ReTell Origin Story
I’ve always been lucky when it comes to education, and feel an obligation to give back to the communities which have supported me. My parents have emphasized the importance of continued learning and reading since I can remember.
I didn’t go to preschool, my mom kept me at home and taught me how to read in our homemade library. In first grade, I wrote my first book—and I’ve been hooked on words ever since.
Fast forward to fifth grade; I attended KIPP: South Fulton Academy in Atlanta, Georgia. We were instructed to “assign ourselves” when we weren’t occupied with work. That is, we were expected to always have a book on hand and read it throughout the day. At the time, we didn’t have a school library, which presented a challenge to some of my classmates as they didn’t have an avenue to procure a book each day. Right before we started taking the standardized test at the end of the year, one of our teachers told us that how we scored on that exam would determine the number of jail cells built by the time we were old enough to be tried as adults in the penal system. That has always stayed with me.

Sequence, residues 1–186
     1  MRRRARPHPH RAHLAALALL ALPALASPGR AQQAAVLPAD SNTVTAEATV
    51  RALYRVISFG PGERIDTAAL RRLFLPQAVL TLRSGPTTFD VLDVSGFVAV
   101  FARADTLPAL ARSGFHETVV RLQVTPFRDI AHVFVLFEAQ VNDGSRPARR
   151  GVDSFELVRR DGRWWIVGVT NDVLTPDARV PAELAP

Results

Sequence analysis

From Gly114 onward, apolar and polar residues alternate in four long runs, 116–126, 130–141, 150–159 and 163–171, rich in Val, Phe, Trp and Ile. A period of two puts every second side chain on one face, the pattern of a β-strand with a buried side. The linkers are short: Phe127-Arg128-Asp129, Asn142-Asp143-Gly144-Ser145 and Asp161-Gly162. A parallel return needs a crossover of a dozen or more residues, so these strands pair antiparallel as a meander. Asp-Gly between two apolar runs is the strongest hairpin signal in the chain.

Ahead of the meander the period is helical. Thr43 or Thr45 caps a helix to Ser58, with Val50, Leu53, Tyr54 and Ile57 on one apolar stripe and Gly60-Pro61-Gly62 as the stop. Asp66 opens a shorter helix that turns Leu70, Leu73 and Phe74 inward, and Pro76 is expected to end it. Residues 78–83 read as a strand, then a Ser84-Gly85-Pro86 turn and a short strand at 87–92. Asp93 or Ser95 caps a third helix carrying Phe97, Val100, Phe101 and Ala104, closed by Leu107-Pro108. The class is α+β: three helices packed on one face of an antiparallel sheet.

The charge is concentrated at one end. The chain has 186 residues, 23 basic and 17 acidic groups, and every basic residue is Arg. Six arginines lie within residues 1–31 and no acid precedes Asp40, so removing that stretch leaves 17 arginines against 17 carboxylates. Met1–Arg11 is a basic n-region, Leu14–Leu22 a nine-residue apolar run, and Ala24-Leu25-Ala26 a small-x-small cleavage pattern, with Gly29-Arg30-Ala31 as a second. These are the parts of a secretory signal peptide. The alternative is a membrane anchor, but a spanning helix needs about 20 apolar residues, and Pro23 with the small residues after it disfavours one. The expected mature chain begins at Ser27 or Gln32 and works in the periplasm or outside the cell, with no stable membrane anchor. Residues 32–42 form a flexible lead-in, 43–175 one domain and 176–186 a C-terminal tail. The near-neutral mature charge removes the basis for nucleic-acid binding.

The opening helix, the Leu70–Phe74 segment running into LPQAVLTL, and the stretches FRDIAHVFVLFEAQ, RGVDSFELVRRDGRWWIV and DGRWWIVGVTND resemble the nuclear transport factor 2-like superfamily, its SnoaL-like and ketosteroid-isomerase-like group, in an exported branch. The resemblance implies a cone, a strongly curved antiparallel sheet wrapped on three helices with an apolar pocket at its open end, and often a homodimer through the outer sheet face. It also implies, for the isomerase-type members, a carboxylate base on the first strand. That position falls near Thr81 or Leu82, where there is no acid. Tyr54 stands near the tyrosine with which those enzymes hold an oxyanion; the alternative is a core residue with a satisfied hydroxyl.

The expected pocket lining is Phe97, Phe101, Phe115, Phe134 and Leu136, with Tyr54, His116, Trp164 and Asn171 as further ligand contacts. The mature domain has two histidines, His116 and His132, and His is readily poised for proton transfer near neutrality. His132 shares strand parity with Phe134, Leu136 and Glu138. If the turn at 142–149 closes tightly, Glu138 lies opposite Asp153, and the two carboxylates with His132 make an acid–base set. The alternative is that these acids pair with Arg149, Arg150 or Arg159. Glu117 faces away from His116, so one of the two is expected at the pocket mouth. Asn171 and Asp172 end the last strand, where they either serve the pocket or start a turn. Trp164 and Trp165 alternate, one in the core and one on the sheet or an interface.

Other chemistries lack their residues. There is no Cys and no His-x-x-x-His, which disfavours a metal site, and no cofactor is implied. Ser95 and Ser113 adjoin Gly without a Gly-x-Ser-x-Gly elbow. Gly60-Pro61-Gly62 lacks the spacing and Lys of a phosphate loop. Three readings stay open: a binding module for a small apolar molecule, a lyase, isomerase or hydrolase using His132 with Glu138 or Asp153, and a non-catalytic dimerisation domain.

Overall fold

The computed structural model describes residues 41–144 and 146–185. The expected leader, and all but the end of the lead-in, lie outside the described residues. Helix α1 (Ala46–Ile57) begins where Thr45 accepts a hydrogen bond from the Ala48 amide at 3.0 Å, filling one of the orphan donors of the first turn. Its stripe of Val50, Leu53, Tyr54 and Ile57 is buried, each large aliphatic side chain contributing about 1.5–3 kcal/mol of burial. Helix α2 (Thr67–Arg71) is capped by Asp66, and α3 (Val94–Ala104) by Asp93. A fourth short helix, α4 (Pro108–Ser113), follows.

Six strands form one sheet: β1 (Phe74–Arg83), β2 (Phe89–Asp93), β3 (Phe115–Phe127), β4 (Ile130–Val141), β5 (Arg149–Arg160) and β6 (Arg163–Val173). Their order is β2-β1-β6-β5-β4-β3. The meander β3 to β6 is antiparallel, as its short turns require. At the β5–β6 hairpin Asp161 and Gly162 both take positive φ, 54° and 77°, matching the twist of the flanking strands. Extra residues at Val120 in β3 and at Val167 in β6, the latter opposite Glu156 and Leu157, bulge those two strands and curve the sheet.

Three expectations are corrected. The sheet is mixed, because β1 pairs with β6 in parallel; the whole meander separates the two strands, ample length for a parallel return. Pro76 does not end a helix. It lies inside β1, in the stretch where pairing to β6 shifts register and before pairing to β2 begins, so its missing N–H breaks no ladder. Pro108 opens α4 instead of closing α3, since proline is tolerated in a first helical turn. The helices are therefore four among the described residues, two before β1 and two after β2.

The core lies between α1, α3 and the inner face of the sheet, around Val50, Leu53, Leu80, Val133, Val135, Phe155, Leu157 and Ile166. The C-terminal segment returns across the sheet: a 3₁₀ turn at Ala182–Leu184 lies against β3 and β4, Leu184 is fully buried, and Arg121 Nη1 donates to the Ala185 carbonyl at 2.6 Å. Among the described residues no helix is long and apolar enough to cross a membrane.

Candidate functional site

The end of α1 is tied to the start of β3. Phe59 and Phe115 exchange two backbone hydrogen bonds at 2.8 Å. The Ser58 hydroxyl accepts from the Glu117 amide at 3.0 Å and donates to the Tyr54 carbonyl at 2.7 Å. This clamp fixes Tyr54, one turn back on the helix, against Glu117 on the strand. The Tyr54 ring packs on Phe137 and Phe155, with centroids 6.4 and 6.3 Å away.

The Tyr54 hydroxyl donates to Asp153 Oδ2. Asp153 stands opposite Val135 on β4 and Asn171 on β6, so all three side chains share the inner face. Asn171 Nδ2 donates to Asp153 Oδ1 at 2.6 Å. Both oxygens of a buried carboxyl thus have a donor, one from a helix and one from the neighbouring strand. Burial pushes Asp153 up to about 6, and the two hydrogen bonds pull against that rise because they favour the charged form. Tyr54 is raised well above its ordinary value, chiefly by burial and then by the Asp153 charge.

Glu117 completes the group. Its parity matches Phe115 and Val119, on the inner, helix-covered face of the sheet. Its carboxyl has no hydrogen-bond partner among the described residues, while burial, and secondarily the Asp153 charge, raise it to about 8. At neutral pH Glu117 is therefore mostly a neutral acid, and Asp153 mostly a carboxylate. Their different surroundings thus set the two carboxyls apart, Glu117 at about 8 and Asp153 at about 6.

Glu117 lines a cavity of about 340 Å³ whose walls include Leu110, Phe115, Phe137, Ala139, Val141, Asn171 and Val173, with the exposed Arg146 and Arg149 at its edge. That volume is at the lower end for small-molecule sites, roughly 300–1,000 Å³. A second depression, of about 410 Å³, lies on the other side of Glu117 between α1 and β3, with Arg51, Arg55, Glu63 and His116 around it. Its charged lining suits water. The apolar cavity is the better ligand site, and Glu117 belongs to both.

In eighth grade, we went on a field trip to a private, majority-white, school in Atlanta. We were there to tour the high school, but took a detour to stop by an eighth grade class. I remember not understanding why they were reading books I’d never heard of—why they were given more challenging and advanced curriculum.
The disparity of allocation of educational resources became shockingly clear when I arrived at Exeter. It was further exacerbated (and tinged with further exclusivity) when I went to Princeton.
I am so grateful for the schooling I’ve had, and for the incredible educators that paved the way. At the same time, I’m acutely aware of how opportunity, and often wealth, can create different outcomes for children. I don’t think this is fair. I don’t think that wealth and opportunity are indicators of brilliance. I’m a firm believer that every child should have access to a stellar education, regardless of their socio-economic background or race. To me, this starts with literacy and access to books.
I will work tirelessly to achieve this goal.
If you’ve been engaging in conversations about racism and equity, ReTell has a book for you. If you’re looking for a literary escape from the harshness of the current news cycle, ReTell has a book for you. If you know a child who needs to get a jump start on building their own homemade library, ReTell has a book for you.
There are so many more exciting things to come!! Please join me in changing the narrative.